Does The iPhone Need Patents?

from the questions,-questions dept

A bunch of folks have noted that Steve Jobs seemed mighty excited about the 200 or so patents Apple has filed around some of the technology involved in the iPhone (or whatever it's going to be called). A few have asked my opinion on the patents -- but not knowing what the patents are on, it's tough to have that much of an opinion on them specifically. However, Tim Lee points us to a blog post from someone who claims that the iPhone shows why patents are necessary, since "The investment necessary to develop a radically new interface like Multi-touch requires that Apple have a way to protect that investment. If Nokia, Sony, and Motorola could all simply copy it in their new phones, why would Apple even bother?" A few others have suggested the same sort of thing, but those two statements together actually seem to contradict each other. If it was so expensive to develop the multi-touch technology (which isn't new at all and similar technology has been demonstrated publicly in the past), then how would those other companies be able to just copy it? If it's so easy to copy, then it shouldn't have cost that much to develop.

Either way, Tim's response at the Tech Liberation Front is well worth reading, as he points out how silly that argument really is, noting that if the technology works as well as the demo, then Apple is going to make a ton of money with or without patents -- because people will buy the phone. In other words, the market is what gives Apple the incentives to develop these technologies, not patents. As Tim says: "Blafkin seems to believe that Nokia, Sony, and Motorola have a magical technology copying machine that can instantaneously duplicate Apple's innovations. But cloning a breakthrough new user interface is actually quite difficult. Just ask Microsoft, which spent six years trying to clone the Macintosh interface in the late 1980s.... Even if Nokia does a lot better than Microsoft and manages to clone the iPhone interface in, say, 2 years, that still means that they'll be perpetually 2 years behind. Why would consumers buy a knockoff of the 2007 iPhone from Nokia when they can buy the 2009 version from Apple?" That last point is key. The way to compete isn't by catching up and "copying" someone else, but to continuously innovate. Then, even if someone else catches up, you're still ahead -- and, if anyone can keep on coming up with new innovations, it appears to be Apple. So, even without patent protection, Apple would make more than enough money to recoup their development costs. But, the downside is that Apple doesn't need to keep up the same pace of innovation now. Others won't be able to compete and push Apple to innovate as fast because Apple can block them with patents. At the same time, those who don't want to live by Apple's rules (Cingular-only, 2 year contracts, no 3G, no ability to develop additional apps, no VoIP, etc.) but want a phone with a similar design will be out of luck. That's bad for innovation and bad for the economy.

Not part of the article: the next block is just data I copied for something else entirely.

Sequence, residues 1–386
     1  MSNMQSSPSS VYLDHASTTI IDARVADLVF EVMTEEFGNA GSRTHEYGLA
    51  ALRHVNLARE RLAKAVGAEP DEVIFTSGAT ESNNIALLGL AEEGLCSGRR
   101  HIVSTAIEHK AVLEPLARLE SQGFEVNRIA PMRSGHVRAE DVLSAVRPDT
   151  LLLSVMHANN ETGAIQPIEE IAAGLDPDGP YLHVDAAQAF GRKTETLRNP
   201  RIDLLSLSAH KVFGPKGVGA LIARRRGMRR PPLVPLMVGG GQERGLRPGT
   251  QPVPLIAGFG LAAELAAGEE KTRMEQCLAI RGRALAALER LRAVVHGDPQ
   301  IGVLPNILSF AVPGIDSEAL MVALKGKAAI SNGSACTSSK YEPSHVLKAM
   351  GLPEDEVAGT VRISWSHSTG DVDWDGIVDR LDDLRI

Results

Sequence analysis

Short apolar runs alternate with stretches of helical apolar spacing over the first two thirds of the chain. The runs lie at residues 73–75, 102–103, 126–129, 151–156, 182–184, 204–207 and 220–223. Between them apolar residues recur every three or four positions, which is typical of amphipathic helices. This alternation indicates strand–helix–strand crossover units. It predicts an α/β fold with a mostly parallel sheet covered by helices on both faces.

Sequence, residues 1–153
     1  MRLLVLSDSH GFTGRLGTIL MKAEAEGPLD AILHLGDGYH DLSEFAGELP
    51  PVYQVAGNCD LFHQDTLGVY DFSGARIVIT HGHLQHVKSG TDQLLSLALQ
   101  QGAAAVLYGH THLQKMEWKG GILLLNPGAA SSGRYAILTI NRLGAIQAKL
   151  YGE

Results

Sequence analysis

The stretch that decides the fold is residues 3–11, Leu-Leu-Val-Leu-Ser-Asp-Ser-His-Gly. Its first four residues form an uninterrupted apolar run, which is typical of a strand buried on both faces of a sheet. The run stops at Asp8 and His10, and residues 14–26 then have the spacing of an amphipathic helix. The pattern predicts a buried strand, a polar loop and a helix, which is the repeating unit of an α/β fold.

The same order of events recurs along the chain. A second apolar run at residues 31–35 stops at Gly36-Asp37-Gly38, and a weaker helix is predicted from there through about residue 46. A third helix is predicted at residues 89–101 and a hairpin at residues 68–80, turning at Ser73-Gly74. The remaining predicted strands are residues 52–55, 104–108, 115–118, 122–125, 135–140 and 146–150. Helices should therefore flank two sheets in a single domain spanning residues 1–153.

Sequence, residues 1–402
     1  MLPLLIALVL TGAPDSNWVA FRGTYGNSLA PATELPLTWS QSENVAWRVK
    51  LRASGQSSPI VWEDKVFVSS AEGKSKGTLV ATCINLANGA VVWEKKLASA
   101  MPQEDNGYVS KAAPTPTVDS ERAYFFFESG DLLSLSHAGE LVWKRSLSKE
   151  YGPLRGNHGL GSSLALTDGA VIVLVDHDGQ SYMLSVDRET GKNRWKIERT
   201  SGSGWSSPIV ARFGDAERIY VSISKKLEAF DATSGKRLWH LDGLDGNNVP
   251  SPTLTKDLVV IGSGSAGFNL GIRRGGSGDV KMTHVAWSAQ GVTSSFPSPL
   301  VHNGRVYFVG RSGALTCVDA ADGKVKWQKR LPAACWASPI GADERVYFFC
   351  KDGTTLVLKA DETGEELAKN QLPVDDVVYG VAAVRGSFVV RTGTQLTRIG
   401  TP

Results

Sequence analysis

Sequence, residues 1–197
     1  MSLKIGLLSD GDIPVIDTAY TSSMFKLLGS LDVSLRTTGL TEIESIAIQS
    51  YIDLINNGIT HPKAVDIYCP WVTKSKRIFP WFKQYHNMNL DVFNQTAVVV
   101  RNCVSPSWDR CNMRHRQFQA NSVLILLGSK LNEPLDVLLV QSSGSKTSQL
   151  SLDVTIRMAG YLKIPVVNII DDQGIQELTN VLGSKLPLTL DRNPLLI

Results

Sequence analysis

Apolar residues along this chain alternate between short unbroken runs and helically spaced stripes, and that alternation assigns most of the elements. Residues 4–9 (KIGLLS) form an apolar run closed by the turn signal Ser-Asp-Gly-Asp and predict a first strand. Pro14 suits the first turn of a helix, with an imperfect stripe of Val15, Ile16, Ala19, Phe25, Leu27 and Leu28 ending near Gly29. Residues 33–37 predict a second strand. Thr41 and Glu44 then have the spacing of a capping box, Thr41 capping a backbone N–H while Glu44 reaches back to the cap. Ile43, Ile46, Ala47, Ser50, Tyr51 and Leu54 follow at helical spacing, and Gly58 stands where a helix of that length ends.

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  1. identicon
    Anonymous Coward, 18 Jan 2007 @ 8:48am

    "Have you read the NTP patents? Have you read the "iTunes interface" patent? Have you read the Acacia patents?"

    Yeah, I read those, and they actually do describe the invention sufficiently to reproduce it. However, they are broad, and that is probably the real issue you have with them.

    So, to say "Most actual patents do not explain an actual product or procedure to the point that it can actually be used to recreate that product.", especially when you use the word "most" as if more then 50% of issued patents do not describe the invention sufficient, is clearly a false "fact" of yours.

    Your real gripe seems to be that many of these patents have broad descriptions, making it difficult for someone else to create a similar/better product, thus (in your mind) it stifles innovation. Is this a more accurate assessment of your argument with regard to the descriptions in those patents?

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